History of Transportation
Supporters of the Corps' navigation plans like to point out that although the navigation system has been in place for 60 years, the Mississippi River still supports a vibrant fishery and a mosaic of highly productive wildlife habitats. The suggest that the river is resilient enough absorb an ever increasing number of barges and still remain one of the most important and productive natural systems in our hemisphere.
It is true that the Mississippi River is still a spectacular natural resource, but we still know very little about its ecological processes, and what we do know raises many causes for concern. The river maintained a healthy ecosystem for decades after the locks and dams were installed, but recently, some signs of decline began to appear.
In the 1980s, for example, aquatic plant beds in some pools of the upper river began to shrink. Aquatic plants are important for fish and waterfowl habitat. Fisheries biologists are also expressing more and more concern over the loss of islands and the siltation of backwater habitats. Backwaters in particular are critical habitats for important gamefish species like largemouth bass and bluegills.
In 1999, the Upper Midwest Environmental Science Center, an agency of the US Department of the Interior located in LaCrosse, Wisconsin, published a report that has increased the level of concern over the future of the Mississippi.
The report detailed the status of the Upper Mississippi River ecosystem by compiling all the research that had been done on the river. The Report concluded that, while there are many things we don't know about the Upper Mississippi, what we do know tells us that the river has been significantly degraded and, in many respects, continues to get worse.
The report stated, correctly, that there are many causes of the Mississippi's problems. In addition to the locks and dams and the commercial barge traffic on the river, the Mississippi is impacted by runoff from suburbs, construction sites and agricultural fields. It continues to absorb the pollutants from dozens of wastewater treatment plants serving riverfront communities and industrial facilities. But one thing is clear; the navigation dams represent the most significant, human induced physical change in the river's history.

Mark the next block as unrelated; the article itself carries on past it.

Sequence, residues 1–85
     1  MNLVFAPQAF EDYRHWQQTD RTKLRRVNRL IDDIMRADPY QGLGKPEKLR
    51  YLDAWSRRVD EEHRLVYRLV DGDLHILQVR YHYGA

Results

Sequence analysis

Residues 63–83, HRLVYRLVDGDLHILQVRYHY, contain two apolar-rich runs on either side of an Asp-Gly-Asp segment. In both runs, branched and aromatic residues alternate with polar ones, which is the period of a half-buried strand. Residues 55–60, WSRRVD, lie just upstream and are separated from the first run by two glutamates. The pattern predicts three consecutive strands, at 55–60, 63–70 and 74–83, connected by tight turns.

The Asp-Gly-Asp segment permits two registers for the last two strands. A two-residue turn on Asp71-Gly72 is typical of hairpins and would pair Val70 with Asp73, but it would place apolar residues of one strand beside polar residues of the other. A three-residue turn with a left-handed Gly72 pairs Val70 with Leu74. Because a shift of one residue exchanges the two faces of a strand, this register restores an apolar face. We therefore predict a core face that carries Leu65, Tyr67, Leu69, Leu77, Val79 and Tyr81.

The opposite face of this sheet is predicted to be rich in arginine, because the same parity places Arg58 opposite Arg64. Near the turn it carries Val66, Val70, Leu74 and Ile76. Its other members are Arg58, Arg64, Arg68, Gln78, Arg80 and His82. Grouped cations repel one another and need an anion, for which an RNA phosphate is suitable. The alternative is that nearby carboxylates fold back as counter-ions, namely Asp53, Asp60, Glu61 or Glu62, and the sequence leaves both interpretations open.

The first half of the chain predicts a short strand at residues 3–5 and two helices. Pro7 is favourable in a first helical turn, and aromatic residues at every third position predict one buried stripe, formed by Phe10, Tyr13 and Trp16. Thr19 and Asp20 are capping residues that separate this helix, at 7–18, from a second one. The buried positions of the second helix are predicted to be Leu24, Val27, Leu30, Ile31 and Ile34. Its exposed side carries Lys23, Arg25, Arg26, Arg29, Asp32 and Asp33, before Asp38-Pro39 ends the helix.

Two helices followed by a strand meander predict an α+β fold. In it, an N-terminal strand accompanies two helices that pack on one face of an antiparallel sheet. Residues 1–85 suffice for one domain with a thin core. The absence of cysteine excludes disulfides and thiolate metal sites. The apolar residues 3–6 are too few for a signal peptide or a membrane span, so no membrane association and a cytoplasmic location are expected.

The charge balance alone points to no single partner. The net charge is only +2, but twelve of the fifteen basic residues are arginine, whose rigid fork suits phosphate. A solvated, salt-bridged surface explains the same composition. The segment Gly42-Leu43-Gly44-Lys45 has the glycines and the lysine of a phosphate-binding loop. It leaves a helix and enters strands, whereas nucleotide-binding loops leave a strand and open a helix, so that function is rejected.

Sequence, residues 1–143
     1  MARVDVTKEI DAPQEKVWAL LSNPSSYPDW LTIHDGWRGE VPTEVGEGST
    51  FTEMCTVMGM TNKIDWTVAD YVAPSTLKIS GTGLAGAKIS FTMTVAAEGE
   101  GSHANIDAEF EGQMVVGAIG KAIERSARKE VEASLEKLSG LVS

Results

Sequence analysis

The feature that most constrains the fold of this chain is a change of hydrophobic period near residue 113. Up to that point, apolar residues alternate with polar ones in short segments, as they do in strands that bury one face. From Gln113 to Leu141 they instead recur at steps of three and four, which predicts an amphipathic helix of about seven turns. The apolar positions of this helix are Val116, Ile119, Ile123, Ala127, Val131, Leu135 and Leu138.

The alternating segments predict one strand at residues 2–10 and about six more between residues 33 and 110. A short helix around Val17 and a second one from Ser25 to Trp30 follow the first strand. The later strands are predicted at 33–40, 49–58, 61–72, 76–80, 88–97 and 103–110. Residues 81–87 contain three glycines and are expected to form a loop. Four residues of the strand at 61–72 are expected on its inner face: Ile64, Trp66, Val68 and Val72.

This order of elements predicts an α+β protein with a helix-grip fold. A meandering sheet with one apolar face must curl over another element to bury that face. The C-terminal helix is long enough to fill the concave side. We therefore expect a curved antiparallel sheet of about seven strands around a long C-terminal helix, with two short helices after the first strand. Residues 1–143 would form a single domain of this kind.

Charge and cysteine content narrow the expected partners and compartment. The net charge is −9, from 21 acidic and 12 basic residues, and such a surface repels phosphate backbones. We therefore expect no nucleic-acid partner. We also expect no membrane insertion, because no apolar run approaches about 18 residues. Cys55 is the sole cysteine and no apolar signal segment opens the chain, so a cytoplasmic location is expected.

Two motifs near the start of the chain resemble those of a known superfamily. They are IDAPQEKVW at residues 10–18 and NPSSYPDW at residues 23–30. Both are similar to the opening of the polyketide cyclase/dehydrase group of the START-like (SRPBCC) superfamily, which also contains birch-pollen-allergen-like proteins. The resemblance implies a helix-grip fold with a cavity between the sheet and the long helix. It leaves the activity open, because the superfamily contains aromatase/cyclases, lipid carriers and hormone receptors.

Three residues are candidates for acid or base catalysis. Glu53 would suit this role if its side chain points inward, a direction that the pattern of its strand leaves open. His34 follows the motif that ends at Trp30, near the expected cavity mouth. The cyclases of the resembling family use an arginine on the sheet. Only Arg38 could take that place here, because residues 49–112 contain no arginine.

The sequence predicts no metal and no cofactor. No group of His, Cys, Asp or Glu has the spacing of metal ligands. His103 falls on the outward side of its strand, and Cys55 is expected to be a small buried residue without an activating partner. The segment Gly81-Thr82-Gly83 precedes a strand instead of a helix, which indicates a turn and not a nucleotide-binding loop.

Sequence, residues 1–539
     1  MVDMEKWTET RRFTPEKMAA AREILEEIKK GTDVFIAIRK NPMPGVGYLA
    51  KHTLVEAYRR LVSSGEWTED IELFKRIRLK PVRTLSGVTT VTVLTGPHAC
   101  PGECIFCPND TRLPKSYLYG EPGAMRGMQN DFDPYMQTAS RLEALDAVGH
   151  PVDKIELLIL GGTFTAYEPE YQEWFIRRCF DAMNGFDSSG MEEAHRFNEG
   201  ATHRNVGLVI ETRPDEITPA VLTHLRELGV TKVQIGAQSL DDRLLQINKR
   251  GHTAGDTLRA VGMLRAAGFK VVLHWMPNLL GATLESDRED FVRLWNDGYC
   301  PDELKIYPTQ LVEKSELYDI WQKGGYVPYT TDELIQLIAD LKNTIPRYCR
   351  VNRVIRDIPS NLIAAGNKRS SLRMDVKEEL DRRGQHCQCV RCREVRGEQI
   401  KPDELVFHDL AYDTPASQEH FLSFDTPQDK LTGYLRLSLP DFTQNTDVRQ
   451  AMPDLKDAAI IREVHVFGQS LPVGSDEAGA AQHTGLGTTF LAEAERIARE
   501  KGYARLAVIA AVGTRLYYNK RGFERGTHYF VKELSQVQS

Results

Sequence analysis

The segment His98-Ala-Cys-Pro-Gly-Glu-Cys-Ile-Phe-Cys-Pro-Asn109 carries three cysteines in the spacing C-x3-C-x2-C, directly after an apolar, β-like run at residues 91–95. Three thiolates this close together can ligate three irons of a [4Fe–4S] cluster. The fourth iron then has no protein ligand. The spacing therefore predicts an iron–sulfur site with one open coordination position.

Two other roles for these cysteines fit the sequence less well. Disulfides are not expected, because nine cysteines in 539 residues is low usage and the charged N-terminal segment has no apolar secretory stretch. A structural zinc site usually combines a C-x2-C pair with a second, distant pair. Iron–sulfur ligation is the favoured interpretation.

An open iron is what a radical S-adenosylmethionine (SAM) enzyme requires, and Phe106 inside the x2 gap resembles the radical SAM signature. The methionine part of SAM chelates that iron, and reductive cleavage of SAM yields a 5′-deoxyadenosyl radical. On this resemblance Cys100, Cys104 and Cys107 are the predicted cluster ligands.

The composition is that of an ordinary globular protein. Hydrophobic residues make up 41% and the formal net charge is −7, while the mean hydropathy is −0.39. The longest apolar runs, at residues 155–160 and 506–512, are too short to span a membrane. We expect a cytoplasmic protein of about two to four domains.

For its part, the Corps of Engineers has suggested that the effects of their proposed navigation project will have little effect on the river. But even the Corps must admit that the studies they have performed to date are inconclusive. And conservations argue that the Corps is leaving some important factors out of its analysis.
As the Corps examines the potential environmental effects of extending locks on the Mississippi, they are looking only at the effects of the additional barges, not at the impacts of the system as a whole. Throughout their history of management on the river, the Corps has always avoided looking at the environmental impacts of the entire lock and dam system.
Many conservationists believe that this is the wrong approach, that by looking only at the next increment of new traffic, the Corps is masking the damage that commercial navigation does to the river. Conservationists have been arguing for many years that the Corps should do a complete historical study of their impacts on the river before any navigation expansion takes place.
So while the Corps argues that it has spent more than $25 million on environmental research over the last 6 years, conservationists respond that the money hasn't been well spent because the Corps has been looking at the wrong questions.
The results of the Corps' studies seem to support the conservationist's arguments. After spending all that money, the Corps still can't answer the critical questions about the future navigation's impacts on the river, let alone the impacts the system has already had. They've responded by pledging that they will continue to study the issue as they plan for the new locks and fix any problems that they find at some later date.
While many proponents of lock extensions speak of balance between the river as a natural system and the river as an economic resource, it's hard to find much balance in the Corps' approach to the issue so far.
to be continued...
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